Number

Handicrafts

Number

Handicrafts

Number

Handicrafts

10:20-10:35

Drill

Sol-fa

Drill

French Song

Drill

Sol-fa

10:35-10:50

Dancing or Play

Play or drill

Dancing or Play

Play or Drill

Dancing or Play

Play or Drill

10:50-11:10

Tales

Number

Geography

Tales

Natural History

Number

11:10-11:20

Writing

Drawing

Handicrafts

Brush-Drawing

Handicrafts

Brush-Drawing

11:20-11:30

Reading

Reading

Writing

Writing

Writing

Reading

Number was what Math was called in this Form. Like Reading, it was done every day, but the duration varied. For 4 days it was a 20 minute session, one day was 10 minutes, and then Saturday was 20 minutes. Also note how the time slot changed throughout the week. Variety is key at this age.

Reading was also daily, with a little bit of a twist. Saturday had a regular lesson, but for the IB students (first year, approx age 6-7), there was an extra lesson that day. Note also how it wasn't back-to-back; there is an hour and a half between those two lessons with a singing and movement break in-between, and the second Saturday session was only 10 minutes.

Math: 4x per week @20 min each, 1x per week @10 min, plus a 20 min Saturday session

Reading: 2x per week @10 min each, 3x per week @ 20 min each, plus a 10 min Saturday session and for Form IB (6-7 yo) an extra 20 min Saturday session on top of that.

History and Repetition

Monday

Tuesday

Wednesday

Thursday

Friday

Saturday

9:00-9:20

Old Testament

New Testament

History

Old testament

New testament

Week's Work

9:20-9:40

Geography

Natural History

Reading

Reading

Reading

A History

B Reading

9:40-9:50

Repetition Bible

Repetition Poem

Repetition Bible

Number

Repetition Hymn

Writing

9:50-10:00

French

Writing

French

French

Picture Study

French

10:00-10:20

Number

Handicrafts

Number

Handicrafts

Number

Handicrafts

10:20-10:35

Drill

Sol-fa

Drill

French Song

Drill

Sol-fa

10:35-10:50

Dancing or Play

Play or drill

Dancing or Play

Play or Drill

Dancing or Play

Play or Drill

10:50-11:10

Tales

Number

Geography

Tales

Natural History

Number

11:10-11:20

Writing

Drawing

Handicrafts

Brush-Drawing

Handicrafts

Brush-Drawing

11:20-11:30

Reading

Reading

Writing

Writing

Writing

Reading

History only shows up here once or twice. One time per week for 20 minutes, then an additional Saturday session for the Form IA (approx ages 7-9) students for 20 minutes. 

Do you see that? History is only once per week. Twice per week MAX. When many people think of Charlotte Mason education, they think it's heavy on history, but this shows that it's not. Geography is done more often than history in these early years!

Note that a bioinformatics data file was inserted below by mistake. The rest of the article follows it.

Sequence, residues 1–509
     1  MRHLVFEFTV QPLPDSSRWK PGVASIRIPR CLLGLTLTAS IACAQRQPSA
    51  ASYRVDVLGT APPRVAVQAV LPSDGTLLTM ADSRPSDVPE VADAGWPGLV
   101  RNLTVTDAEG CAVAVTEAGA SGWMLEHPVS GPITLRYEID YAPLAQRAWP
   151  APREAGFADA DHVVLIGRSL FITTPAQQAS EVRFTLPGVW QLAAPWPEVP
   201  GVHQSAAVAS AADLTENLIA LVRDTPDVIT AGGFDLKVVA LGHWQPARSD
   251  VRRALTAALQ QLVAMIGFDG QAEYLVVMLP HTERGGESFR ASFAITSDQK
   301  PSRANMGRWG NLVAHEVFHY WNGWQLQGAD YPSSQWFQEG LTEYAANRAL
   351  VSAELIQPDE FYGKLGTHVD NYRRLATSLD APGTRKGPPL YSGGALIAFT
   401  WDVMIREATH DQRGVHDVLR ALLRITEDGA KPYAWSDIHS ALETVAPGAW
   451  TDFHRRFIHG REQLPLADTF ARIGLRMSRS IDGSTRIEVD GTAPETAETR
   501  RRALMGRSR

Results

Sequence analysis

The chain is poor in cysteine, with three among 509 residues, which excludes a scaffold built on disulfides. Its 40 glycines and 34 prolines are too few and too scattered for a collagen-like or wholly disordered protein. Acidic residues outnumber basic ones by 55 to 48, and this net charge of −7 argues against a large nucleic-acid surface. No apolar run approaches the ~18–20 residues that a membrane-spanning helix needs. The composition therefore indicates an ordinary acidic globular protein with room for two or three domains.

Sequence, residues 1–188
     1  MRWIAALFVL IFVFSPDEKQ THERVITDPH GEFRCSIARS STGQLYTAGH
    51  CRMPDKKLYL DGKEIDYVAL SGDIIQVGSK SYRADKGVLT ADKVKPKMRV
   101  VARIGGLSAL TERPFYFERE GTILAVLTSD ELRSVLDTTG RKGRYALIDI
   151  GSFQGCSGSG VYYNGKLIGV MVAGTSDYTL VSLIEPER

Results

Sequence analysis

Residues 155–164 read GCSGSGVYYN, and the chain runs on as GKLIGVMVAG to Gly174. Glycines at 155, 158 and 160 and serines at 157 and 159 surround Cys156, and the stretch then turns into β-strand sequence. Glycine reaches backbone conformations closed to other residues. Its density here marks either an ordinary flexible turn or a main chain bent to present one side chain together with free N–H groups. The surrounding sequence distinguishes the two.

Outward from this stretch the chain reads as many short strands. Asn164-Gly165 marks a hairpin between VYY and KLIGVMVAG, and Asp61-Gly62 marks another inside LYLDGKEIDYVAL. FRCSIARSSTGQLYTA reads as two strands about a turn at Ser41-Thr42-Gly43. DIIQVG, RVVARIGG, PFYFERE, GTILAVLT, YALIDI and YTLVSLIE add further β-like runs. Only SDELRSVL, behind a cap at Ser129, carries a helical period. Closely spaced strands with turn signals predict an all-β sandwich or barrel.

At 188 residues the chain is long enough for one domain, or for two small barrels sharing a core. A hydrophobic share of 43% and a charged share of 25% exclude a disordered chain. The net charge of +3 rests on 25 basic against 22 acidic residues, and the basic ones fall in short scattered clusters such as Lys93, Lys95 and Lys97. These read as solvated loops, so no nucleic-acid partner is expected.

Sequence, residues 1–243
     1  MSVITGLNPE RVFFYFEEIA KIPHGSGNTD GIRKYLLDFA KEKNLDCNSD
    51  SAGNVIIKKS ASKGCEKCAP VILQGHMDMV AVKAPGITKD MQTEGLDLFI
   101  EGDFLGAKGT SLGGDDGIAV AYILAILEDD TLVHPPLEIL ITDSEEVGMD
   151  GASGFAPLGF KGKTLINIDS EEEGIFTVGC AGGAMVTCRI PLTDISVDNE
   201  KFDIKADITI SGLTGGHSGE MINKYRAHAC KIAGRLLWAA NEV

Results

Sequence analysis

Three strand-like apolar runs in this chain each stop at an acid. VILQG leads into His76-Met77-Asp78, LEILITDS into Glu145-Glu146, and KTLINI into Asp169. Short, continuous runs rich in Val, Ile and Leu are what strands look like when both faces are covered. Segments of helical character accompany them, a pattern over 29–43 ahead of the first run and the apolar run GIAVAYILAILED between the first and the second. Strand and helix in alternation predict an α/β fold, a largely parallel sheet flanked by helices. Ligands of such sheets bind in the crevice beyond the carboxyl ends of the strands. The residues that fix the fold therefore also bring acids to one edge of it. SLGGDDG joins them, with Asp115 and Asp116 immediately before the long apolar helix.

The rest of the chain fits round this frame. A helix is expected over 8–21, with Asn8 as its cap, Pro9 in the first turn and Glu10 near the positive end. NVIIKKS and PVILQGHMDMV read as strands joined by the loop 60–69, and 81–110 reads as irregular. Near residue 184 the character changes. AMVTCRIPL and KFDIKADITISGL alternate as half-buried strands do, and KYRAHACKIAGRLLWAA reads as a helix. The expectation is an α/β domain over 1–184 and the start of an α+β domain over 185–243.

Next we'll look at Repetition. As you can see, it was done four times per week for only 10 minutes, and the material was varied.In the PNEU programmes (the term curricula sent out to Charlotte Mason's homeschools and member schools), each term usually had 1-2 hymns, a Psalm, a poem of the child's choice, a passage from the Old Testament and one from the Gospels to learn.

History: Form IB - 1x per week @20 min

                   Form IA - 1x per week @20 min, plus a 20 min Saturday session

Repetition: 4x per week @ 10 min each

Natural History and French

Monday

Tuesday

Wednesday

Thursday

Friday

Saturday

9:00-9:20

Old Testament

New Testament

History

Old testament

New testament

Week's Work

9:20-9:40

Geography

Natural History

Reading

Reading

Reading

A History

B Reading

9:40-9:50

Repetition Bible

Repetition Poem

Repetition Bible

Number

Repetition Hymn

Writing

9:50-10:00

French

Writing

French

French

Picture Study

French

10:00-10:20

Number

Handicrafts

Number

Handicrafts

Number

Handicrafts

10:20-10:35

Drill

Sol-fa

Drill

French Song

Drill

Sol-fa

10:35-10:50

Dancing or Play

Play or drill

Dancing or Play

Play or Drill

Dancing or Play

Play or Drill

10:50-11:10

Tales

Number

Geography

Tales

Natural History

Number

11:10-11:20

Writing

Drawing

Handicrafts

Brush-Drawing

Handicrafts

Brush-Drawing

11:20-11:30

Reading

Reading

Writing

Writing

Writing

Reading

Natural History (science): 2x at 20 min each

French: 3x @ 10 min each, plus a 10 min Saturday session and 15 min of singing French songs

Handicraft and Tales

Monday

Tuesday

Wednesday

Thursday

Friday

Saturday

9:00-9:20

Old Testament

New Testament

History

Old testament

New testament

Week's Work

9:20-9:40

Geography

Natural History

Reading

Reading

Reading

A History

B Reading

9:40-9:50

Repetition Bible

Repetition Poem

Repetition Bible

Number

Repetition Hymn